rs232 baud rate error and crc16

Discussion in 'Embedded Systems and Microcontrollers' started by bug13, Jun 29, 2015.

  1. bug13

    Thread Starter Well-Known Member

    Feb 13, 2012
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    Hi guys

    I am working on a project, a PC needs to send a packet (40 bytes) of data to my board. According the formula in the pic datasheet, my MCU is running at 16MHz, my baud rate error is: 0.16% (a little too high for my application)

    From what I can understand (I just learn this yesterday), if I use CRC-CCITT (CRC16) for error detection, the error of each byte in my packet of data is 0.0015%. If error detected, packet will be transmitted.

    So is it safe for me to say that the error rate is 0.0015% for the data I received at my MCU?

    Thanks guys!
     
  2. nsaspook

    AAC Fanatic!

    Aug 27, 2009
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    That is the clock error rate not the transmission error rate. Because typical RS232 is asynchronous, effectively resets clock drift every start bit and most of the USART devices can sample several times per bit , the clock error for 8 bits at 0.16% is undetectable at almost any usable baud rate. There are very good reasons to use CRC16 for error detection but that's not one of them.
     
    Last edited: Jun 29, 2015
  3. bug13

    Thread Starter Well-Known Member

    Feb 13, 2012
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    So two more questions:
    • So I don't need CRC16? Or do I still need it for other reason, like detecting error cause by an electrical spike?
    • And I want to use higher baud rate, if I use 57.6K, it has error of 2.12%, and 115.2K has error of 8.51%, are they detectable? How do I work out if an error rate is too much?

    Thank you!
     
  4. nsaspook

    AAC Fanatic!

    Aug 27, 2009
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    I would use it for those reasons and if you have dropped bytes due to overruns caused missed interrupts or something like that. How much of a baud rate error the system can tolerate depends on the sender and receiver rates. If both are off by the same 8.51% in the same direction + or - speed it's much less of a problem than if it was the opposite directions for 2*8.51% then you would tend to get framing errors with noise on the signal at high speed. I would recommend keeping the baud error rate to about 2%. Sending 55 hex codes at the max system rate while looking for data or USART errors should give you an idea of what the transmission error rate is.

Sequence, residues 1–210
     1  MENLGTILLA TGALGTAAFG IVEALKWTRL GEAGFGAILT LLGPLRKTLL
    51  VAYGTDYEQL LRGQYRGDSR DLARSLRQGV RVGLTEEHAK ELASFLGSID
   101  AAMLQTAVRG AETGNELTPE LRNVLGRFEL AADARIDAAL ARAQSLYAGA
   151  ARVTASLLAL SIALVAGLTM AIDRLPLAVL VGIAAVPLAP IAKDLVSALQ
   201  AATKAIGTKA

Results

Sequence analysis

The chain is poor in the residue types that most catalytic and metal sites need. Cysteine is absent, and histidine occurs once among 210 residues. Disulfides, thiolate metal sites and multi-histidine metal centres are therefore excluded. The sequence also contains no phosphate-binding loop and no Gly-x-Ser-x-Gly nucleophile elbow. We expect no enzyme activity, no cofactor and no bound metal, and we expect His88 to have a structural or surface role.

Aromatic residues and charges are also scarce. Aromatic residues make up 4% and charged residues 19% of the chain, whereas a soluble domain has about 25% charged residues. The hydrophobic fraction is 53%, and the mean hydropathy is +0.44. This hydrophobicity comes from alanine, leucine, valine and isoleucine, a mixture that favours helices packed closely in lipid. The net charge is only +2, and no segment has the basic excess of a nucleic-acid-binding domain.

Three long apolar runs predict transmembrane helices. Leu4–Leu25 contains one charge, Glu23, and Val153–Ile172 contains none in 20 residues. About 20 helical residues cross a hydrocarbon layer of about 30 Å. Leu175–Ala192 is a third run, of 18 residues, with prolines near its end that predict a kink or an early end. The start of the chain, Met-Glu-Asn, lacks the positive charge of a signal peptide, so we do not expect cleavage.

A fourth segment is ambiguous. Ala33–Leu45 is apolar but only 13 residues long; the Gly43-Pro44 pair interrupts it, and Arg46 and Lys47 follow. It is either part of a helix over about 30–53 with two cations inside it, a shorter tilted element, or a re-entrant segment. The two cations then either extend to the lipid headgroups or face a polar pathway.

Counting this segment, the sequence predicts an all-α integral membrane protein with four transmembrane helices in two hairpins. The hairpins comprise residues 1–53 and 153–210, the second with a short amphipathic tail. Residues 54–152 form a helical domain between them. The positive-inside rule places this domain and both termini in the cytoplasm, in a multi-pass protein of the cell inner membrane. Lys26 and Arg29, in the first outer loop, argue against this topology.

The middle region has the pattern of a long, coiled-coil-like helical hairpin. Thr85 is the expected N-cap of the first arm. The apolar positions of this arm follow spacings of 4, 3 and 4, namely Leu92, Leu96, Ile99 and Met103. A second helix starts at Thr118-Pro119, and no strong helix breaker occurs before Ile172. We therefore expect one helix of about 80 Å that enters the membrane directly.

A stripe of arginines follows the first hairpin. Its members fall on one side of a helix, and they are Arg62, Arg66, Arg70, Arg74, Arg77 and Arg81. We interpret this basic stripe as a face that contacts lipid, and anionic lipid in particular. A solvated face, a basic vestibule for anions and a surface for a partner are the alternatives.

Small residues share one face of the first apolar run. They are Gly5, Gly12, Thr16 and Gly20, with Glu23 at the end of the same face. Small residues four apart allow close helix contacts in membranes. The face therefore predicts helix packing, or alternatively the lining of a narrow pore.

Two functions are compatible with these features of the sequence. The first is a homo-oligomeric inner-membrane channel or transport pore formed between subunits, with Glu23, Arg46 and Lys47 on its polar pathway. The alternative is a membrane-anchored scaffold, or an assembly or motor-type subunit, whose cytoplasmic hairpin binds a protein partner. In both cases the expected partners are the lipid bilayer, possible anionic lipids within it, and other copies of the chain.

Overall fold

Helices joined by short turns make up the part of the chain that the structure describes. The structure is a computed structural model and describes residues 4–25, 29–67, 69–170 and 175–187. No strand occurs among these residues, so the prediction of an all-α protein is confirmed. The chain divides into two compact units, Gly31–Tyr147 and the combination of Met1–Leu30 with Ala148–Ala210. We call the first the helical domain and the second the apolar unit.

You can also include error detection and correction in the packets.
    http://techref.massmind.org/techref/method/errors.htm
     
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  5. Papabravo

    Expert

    Feb 24, 2006
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    The best solution to your problem is to use a system frequency that is an integral multiple of the baudrate.
    For example I use 7.3728 MHz. in place of 8 MHz since it is 64 times 115,200 bits per second
    You could also use 14.7456 MHz.
     
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  6. RJohnson

    New Member

    May 29, 2011
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    Agree with Papabravo. One has to decide what's important, com port timing or timer timing with an even count crystal (ie: 8Mhz).
    If using an even count crystal only some baud rates will give the smallest error. 8 % is too much error for my taste.
     
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  7. nsaspook

    AAC Fanatic!

    Aug 27, 2009
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    I don't think you really need those higher rates for a 40 byte packet. The odds of having receiver overrun errors at 115.2K from missed interrupts (unless you have a FIFO or DMA) far exceed any gain in speed even if the baud rate error is zero.
     
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  8. bug13

    Thread Starter Well-Known Member

    Feb 13, 2012
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    I am using an internal osc, so I don't think I can get those frequency. But thank you for the advice, I will choose those frequency in the future if I need a good serial connection.
     
  9. Papabravo

    Expert

    Feb 24, 2006
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    OK. So is it possible to use a nonstandard baudrate in such a way that your PIC with the internal oscillator is dead nuts and the other end adjusts to whatever odd baudrate you happen to be using? I seem to remember that 111,500 is workable on an ATmega128 @ 8 MHz.
     
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  10. RJohnson

    New Member

    May 29, 2011
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    Years ago I did a spreadsheet where I could plug in the crystal frequency and it would calculate all the register settings and error rates for the different baud rates.
    This was for Microchip parts. I still use it today. :)
     
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